As a general rule, we think profitable companies are less risky than companies that lose money. However, sometimes companies receive a one-off boost (or reduction) to their profit, and it's not always clear whether statutory profits are a good guide, going forward. This article will consider whether China Investments Holdings' (HKG:132) statutory profits are a good guide to its underlying earnings.
We like the fact that China Investments Holdings made a profit of HK$22.7m on its revenue of HK$197.4m, in the last year. We know some investors love those high revenue growth stocks, but we do like to look at profit, even if it is, perhaps, a bit old fashioned. In the chart below, you can see that its profit and revenue have both grown over the last three years, although its profit has slipped in the last twelve months.
Not all profits are equal, and we can learn more about the nature of a company's past profitability by diving deeper into the financial statements. As a result, today we're going to take a closer look at China Investments Holdings' cashflow, and unusual items, with a view to understanding what these might tell us about its statutory profit. Note: we always recommend investors check balance sheet strength. Click here to be taken to our balance sheet analysis of China Investments Holdings.
A Closer Look At China Investments Holdings' Earnings
As finance nerds would already know, the accrual ratio from cashflow is a key measure for assessing how well a company's free cash flow (FCF) matches its profit. In plain english, this ratio subtracts FCF from net profit, and divides that number by the company's average operating assets over that period. The ratio shows us how much a company's profit exceeds its FCF.
As a result, a negative accrual ratio is a positive for the company, and a positive accrual ratio is a negative. While having an accrual ratio above zero is of little concern, we do think it's worth noting when a company has a relatively high accrual ratio. To quote a 2014 paper by Lewellen and Resutek, "firms with higher accruals tend to be less profitable in the future".
Over the twelve months to June 2020, China Investments Holdings recorded an accrual ratio of 0.36. As a general rule, that bodes poorly for future profitability. To wit, the company did not generate one whit of free cashflow in that time. Over the last year it actually had negative free cash flow of HK$990m, in contrast to the aforementioned profit of HK$22.7m. Coming off the back of negative free cash flow last year, we imagine some shareholders might wonder if its cash burn of HK$990m, this year, indicates high risk. Having said that, there is more to the story. We can see that unusual items have impacted its statutory profit, and therefore the accrual ratio.
The Impact Of Unusual Items On Profit
Given the accrual ratio, it's not overly surprising that China Investments Holdings' profit was boosted by unusual items worth HK$74m in the last twelve months. While we like to see profit increases, we tend to be a little more cautious when unusual items have made a big contribution. When we analysed the vast majority of listed companies worldwide, we found that significant unusual items are often not repeated. Which is hardly surprising, given the name. We can see that China Investments Holdings' positive unusual items were quite significant relative to its profit in the year to June 2020. As a result, we can surmise that the unusual items are making its statutory profit significantly stronger than it would otherwise be.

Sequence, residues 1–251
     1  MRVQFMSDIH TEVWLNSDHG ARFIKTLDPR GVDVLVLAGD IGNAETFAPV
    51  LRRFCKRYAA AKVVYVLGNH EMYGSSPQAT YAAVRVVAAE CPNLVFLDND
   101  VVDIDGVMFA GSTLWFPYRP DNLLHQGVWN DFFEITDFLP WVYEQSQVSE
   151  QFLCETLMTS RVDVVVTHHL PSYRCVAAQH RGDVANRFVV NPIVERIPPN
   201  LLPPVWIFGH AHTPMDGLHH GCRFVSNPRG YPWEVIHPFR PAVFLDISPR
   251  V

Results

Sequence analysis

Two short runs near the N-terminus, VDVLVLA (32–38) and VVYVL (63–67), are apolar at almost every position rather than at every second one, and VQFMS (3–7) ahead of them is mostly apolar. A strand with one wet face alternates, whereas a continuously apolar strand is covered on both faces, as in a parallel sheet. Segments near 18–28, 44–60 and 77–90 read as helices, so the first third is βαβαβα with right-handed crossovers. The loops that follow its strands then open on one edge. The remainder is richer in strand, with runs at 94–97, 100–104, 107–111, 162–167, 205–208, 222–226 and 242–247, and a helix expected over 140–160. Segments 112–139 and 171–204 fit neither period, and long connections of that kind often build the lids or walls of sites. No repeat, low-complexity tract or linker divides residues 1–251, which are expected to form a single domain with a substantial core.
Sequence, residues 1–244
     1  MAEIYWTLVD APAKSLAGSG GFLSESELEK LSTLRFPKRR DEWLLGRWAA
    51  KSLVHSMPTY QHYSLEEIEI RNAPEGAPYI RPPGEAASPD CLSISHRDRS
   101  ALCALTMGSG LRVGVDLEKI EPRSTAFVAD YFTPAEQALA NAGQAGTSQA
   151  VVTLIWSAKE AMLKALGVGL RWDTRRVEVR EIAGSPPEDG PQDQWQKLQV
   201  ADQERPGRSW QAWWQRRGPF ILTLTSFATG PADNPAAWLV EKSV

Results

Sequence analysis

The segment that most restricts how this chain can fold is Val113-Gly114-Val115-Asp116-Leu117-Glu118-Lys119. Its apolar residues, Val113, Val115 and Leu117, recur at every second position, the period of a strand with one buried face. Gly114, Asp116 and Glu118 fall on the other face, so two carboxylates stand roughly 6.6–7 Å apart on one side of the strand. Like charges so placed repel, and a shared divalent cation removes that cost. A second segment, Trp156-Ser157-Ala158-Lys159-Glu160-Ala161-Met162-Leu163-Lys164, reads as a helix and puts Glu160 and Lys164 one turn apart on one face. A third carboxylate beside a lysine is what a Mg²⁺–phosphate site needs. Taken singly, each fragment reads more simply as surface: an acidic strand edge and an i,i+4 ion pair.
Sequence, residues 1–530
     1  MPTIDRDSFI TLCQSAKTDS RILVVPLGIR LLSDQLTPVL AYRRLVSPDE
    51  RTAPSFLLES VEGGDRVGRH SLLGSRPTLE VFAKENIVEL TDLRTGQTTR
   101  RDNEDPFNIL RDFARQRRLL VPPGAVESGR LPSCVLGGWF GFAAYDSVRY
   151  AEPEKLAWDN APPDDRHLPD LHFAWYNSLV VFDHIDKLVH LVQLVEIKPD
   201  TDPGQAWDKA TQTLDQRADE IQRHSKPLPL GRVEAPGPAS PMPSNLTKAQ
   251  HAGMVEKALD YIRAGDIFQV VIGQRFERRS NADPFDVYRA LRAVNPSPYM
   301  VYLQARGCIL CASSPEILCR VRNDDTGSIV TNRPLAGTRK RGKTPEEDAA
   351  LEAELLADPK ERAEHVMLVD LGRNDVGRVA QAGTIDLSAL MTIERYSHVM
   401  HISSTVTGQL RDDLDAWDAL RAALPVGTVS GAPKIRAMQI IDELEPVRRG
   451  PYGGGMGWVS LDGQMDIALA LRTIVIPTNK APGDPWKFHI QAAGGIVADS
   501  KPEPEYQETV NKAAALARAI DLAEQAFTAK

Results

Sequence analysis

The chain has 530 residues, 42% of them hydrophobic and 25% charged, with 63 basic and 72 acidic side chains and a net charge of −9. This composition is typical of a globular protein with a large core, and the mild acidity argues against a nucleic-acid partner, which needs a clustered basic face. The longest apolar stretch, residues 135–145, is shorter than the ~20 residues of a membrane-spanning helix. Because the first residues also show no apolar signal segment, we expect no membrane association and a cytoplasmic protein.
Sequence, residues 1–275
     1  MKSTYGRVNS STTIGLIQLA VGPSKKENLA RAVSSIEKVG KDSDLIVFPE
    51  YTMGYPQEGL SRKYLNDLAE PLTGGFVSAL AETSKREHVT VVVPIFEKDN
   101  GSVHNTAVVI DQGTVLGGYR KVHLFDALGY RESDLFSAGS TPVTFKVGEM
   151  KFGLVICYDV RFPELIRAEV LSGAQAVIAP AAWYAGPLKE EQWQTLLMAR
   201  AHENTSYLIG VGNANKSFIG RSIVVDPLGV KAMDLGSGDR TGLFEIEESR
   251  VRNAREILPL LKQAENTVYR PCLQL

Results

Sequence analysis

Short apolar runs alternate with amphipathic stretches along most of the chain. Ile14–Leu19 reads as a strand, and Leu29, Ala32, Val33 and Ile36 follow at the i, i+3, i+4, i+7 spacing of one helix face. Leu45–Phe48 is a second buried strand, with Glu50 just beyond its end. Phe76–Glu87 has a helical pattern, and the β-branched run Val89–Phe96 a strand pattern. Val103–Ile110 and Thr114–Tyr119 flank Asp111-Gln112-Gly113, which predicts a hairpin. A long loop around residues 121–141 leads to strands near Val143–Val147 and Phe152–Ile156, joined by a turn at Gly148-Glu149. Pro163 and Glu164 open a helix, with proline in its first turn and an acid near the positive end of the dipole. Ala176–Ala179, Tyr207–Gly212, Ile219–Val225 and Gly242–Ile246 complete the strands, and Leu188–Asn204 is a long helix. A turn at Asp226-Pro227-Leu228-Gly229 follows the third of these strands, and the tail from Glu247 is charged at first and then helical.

Our Take On China Investments Holdings' Profit Performance
China Investments Holdings had a weak accrual ratio, but its profit did receive a boost from unusual items. Considering all this we'd argue China Investments Holdings' profits probably give an overly generous impression of its sustainable level of profitability. If you'd like to know more about China Investments Holdings as a business, it's important to be aware of any risks it's facing. For instance, we've identified 3 warning signs for China Investments Holdings (2 make us uncomfortable) you should be familiar with.
In this article we've looked at a number of factors that can impair the utility of profit numbers, and we've come away cautious. But there are plenty of other ways to inform your opinion of a company. For example, many people consider a high return on equity as an indication of favorable business economics, while others like to 'follow the money' and search out stocks that insiders are buying. So you may wish to see this free collection of companies boasting high return on equity, or this list of stocks that insiders are buying.
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This article by Simply Wall St is general in nature. It does not constitute a recommendation to buy or sell any stock, and does not take account of your objectives, or your financial situation. We aim to bring you long-term focused analysis driven by fundamental data. Note that our analysis may not factor in the latest price-sensitive company announcements or qualitative material. Simply Wall St has no position in any stocks mentioned.
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